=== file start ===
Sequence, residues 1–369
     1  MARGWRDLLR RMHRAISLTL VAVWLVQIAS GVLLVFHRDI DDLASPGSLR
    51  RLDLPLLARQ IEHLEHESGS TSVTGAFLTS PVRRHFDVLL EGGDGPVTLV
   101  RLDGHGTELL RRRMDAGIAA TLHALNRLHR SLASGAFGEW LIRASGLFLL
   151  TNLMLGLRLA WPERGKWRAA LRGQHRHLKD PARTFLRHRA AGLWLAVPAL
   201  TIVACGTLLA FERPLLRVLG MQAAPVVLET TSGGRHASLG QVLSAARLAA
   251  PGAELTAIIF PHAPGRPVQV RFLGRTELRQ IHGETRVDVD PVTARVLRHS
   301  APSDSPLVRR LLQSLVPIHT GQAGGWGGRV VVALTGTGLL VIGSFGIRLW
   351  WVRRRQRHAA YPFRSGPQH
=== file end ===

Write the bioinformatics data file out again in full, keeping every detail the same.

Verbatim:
Sequence, residues 1–369
     1  MARGWRDLLR RMHRAISLTL VAVWLVQIAS GVLLVFHRDI DDLASPGSLR
    51  RLDLPLLARQ IEHLEHESGS TSVTGAFLTS PVRRHFDVLL EGGDGPVTLV
   101  RLDGHGTELL RRRMDAGIAA TLHALNRLHR SLASGAFGEW LIRASGLFLL
   151  TNLMLGLRLA WPERGKWRAA LRGQHRHLKD PARTFLRHRA AGLWLAVPAL
   201  TIVACGTLLA FERPLLRVLG MQAAPVVLET TSGGRHASLG QVLSAARLAA
   251  PGAELTAIIF PHAPGRPVQV RFLGRTELRQ IHGETRVDVD PVTARVLRHS
   301  APSDSPLVRR LLQSLVPIHT GQAGGWGGRV VVALTGTGLL VIGSFGIRLW
   351  WVRRRQRHAA YPFRSGPQH